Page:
Blueberry Muffins

August 4th, 2011 / Comments 11

Blueberries are ripe for the picking, and last Sunday was a perfect day to find a pick-your-own blueberry patch.

Vermont+Field Blueberry Muffins

I parked my car, followed the crowd to the table to get a pail and headed through the gate and down the hill. The process is simple, find a spot, pick until the pail is full, have the pail weighed, and pay the farmer. Children shouting, “I found some!” and the pings of blueberries hitting the bottoms of empty pails reminded me of Robert McCloskey’s classic children’s book Blueberries for Sal.

Blueberry+Branch Blueberry Muffins

Blueberries, the fruit of a shrub that belongs to the heath family, are related to cranberry, bilberry, azalea, mountain laurel and rhododendron. When ripe, they range in color from blue to maroon to dark purple.

Picking was easy – high bush berries mean stand-up picking – and I was able to gently rake ripe berries into the pail and leave the green ones behind to ripen. With no pesky insects or thorns to deal with, I picked six pounds of blueberries in less than an hour.

blueberries+in+basket Blueberry Muffins

At home, as I separated the leaves, stems and occasional mushy berry from the juicy, tart, berries, I considered blueberry possibilities. So many choices – freshly picked, with yogurt, in pancakes, mixed into muffins, cakes, crisps or buckles, whirled into smoothies, frozen in ice cream, preserved as jam or chutney, or in a pie topped with ice cream.

A blueberry snob may try to convince you that tiny, wild, Maine blueberries, gathered while one is on hands and knees while black flies feast on your neck, are the only blueberries worth eating. Ignore them, or if they come bearing baskets of berries, humor them, in either case know that whether you have wild or cultivated, high or low bush blueberries you are in for a tasty treat with the added health benefits of eating local, fresh fruit.

I put a large bowl of berries into the refrigerator and filled plastic bags with the remaining unwashed berries and froze them. The protective gray-white ‘bloom’ protects the berries so I don’t wash them until I am ready to serve or cook them.

With our friends Annie and Andy coming for a two-day visit I decided to make muffins to greet them when they arrived at mid-night.

Here’s how I made them.


blueberry+muffin+batter Blueberry Muffins

Blueberry Muffins

I began by pre-heating the oven to four hundred degrees. In a mixing bowl, I used a wire whisk to combine one and three quarter cups of unbleached flour, half a teaspoon of kosher salt, half a cup of sugar, and two teaspoons of baking powder.
In a separate bowl I combined a quarter of a cup of melted butter, two eggs, and a quarter of a cup of milk. With as few strokes as possible I combined the wet and dry ingredients. Half way through this process I added half a cup of chopped, crystallized ginger and a generous cup of washed and drained blueberries.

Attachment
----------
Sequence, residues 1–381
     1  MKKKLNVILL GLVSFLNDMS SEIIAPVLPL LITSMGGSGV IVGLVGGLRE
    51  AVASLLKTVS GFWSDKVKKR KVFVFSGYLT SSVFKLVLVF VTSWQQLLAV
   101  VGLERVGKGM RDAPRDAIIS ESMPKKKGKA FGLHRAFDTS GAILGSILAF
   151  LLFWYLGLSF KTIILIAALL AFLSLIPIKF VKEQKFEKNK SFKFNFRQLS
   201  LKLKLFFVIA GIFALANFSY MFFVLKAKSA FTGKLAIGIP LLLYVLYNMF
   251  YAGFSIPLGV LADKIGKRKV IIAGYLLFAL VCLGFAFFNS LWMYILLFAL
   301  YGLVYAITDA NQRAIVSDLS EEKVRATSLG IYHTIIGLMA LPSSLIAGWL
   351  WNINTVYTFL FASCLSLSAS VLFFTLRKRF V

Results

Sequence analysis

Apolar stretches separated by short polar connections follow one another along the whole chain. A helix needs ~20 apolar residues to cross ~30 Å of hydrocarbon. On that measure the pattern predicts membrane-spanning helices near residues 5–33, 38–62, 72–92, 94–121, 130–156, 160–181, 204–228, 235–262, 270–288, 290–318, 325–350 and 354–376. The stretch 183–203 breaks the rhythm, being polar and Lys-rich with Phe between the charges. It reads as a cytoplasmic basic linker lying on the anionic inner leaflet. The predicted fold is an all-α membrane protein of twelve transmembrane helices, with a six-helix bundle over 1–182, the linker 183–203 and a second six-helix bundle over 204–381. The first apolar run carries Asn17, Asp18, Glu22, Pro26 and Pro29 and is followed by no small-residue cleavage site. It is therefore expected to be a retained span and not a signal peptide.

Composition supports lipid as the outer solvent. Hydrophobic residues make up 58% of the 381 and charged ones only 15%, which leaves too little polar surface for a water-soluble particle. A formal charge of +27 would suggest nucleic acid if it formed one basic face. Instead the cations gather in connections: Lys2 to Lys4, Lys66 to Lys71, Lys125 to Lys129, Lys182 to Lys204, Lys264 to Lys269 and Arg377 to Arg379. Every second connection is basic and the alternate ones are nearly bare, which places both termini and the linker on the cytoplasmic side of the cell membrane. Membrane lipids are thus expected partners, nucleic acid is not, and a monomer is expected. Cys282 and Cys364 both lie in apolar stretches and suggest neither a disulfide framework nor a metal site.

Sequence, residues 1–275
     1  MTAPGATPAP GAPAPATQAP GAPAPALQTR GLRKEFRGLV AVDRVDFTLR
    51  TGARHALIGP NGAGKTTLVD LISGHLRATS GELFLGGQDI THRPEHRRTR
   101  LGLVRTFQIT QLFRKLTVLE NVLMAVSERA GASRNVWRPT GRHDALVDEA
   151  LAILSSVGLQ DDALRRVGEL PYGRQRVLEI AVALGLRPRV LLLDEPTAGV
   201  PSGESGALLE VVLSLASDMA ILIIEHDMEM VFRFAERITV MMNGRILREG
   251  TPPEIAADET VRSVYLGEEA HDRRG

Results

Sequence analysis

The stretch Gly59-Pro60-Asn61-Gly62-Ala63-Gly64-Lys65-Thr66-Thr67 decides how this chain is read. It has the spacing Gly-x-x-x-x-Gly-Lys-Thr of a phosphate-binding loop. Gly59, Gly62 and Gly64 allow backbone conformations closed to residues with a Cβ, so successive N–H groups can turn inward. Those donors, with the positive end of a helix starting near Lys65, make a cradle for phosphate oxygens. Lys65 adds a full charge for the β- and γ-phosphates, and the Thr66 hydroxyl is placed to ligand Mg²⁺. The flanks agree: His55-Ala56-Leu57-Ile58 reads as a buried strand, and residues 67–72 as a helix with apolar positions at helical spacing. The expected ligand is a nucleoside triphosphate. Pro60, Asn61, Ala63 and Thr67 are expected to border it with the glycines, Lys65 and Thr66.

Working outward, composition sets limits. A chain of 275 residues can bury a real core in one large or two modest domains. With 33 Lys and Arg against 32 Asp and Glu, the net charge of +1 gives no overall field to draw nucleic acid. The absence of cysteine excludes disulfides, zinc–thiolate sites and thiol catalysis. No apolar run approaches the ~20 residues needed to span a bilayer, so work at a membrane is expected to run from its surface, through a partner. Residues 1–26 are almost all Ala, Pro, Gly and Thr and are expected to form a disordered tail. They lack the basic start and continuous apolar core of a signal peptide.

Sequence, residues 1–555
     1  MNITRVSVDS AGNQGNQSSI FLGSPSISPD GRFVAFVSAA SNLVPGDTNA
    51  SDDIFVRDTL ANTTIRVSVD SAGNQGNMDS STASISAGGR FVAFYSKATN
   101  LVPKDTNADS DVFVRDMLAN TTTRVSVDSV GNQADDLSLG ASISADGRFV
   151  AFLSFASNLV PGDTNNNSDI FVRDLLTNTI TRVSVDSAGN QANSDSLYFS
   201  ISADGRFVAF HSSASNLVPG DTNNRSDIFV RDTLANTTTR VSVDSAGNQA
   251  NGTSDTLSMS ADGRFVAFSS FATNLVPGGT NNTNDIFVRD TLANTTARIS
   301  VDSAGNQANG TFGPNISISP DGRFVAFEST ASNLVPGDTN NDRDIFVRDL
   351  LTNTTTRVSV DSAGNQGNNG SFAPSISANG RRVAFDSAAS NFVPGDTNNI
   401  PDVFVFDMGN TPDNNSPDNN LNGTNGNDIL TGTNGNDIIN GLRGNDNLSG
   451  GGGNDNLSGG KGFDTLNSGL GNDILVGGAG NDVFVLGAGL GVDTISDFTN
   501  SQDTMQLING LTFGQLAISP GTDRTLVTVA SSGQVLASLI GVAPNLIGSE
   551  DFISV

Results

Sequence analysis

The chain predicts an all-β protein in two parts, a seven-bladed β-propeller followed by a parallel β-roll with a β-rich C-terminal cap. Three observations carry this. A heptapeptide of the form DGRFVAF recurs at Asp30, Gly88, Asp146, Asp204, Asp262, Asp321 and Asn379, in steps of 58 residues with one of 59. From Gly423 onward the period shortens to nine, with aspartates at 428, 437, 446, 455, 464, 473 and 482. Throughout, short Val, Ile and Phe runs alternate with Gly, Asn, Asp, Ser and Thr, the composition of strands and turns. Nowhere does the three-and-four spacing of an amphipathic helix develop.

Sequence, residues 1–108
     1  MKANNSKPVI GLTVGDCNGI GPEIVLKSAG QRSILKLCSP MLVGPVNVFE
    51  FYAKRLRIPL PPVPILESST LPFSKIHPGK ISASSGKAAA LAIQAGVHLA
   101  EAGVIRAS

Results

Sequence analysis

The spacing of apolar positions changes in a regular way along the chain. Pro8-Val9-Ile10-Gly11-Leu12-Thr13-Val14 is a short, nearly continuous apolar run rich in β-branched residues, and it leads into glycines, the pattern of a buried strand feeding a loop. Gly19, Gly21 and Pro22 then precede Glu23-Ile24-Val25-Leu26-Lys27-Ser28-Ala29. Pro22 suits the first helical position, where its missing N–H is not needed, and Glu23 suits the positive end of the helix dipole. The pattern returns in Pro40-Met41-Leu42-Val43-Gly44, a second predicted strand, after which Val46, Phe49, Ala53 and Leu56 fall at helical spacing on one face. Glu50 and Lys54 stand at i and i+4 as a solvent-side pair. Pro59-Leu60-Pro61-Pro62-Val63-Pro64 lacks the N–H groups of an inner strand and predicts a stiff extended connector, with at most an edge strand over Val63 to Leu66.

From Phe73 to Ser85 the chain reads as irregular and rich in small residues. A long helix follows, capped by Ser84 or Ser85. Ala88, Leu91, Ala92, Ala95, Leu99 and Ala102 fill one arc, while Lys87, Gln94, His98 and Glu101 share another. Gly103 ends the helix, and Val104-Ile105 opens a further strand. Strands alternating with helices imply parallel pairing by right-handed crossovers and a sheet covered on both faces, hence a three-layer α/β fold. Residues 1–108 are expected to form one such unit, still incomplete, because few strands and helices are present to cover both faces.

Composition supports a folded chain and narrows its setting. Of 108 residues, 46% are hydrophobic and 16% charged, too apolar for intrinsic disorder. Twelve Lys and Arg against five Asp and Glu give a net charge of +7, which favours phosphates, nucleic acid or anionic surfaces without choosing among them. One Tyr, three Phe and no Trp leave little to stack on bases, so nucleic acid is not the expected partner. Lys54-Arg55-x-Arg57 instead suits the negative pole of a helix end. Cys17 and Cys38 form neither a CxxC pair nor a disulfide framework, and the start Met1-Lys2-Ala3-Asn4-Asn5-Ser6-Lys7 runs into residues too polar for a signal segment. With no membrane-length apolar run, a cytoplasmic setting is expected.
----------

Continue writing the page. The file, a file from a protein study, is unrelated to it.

I filled twelve muffin cups two thirds full of batter and baked them for thirty minutes until the muffins were golden, and a toothpick poked into the center came out clean. Crystallized ginger is optional, I added it because it gives the muffins a bit of a zing and more importantly because Annie loves it and I love Annie. You might choose to add nuts, grated orange rind, cinnamon or cardamom to please the ones you love.

Conversation paused as we enjoyed the sun, the flowers, the food and our friendship.

Blueberry+Muffin+01 Blueberry Muffins

Google ‘pick your own’ to find a farm near you.

Download and print a recipe with an ingredients list here.

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• 11 Responses to “Blueberry Muffins”

  • Carole says:

    Carol, you mentioned that you freeze your blueberries w/out washing them–I don’t know how you can wash them when thawed. I wash my berries, put them on a small tray, freeze, and then bag frozen berries.

    Thanks!

  • Carole says:

    The local farmers’ market opens in about an hour and I plan to pick up blueberries. There is no “pick your own” near me, but that’s okay I’d rather purchase local bounty. And I’m not sure who would want to be pestered and bitten by black flies (I’ve had that “honor”), but I guess they see it as a badge of honor while picking blueberries.

    Thanks for sharing your recipe.

  • Carol Egbert says:

    What was your other favorite?

  • Lucia from Madison says:

    Blueberries For Sal was one of my two favorite books from childhood!

  • Velva says:

    Awesome!!! We went to a local farm in early summer and picked 15 lbs of blueberries.Awesome! I have about 10 lbs left in my freezer to enjoy throughout the year until next season. So many blueberry ideas!

  • Karine says:

    I love your muffins! I used to go pick bluebberies when I was a kid because there were so much of them behind my house! But they were so small, it was actually a hard job.

  • Carol Egbert says:

    Thank you. My husband just arrived with blueberries. I'm going to try dehydrating them later tody. First I have to go and teach a painting class.

  • Ashwini says:

    Carol – I love your paintings, they cover lot of details. Good job!

  • Carol Egbert says:

    I hope to pick some more and dehydrate them in my new oven.

  • wasabi prime says:

    I just got a bunch of fresh blueberries — sadly not hand picked, more like picked from the store. :( But your post about muffins inspired me to bake with them if I don't just eat them all beforehand!

  • • Leave a Reply

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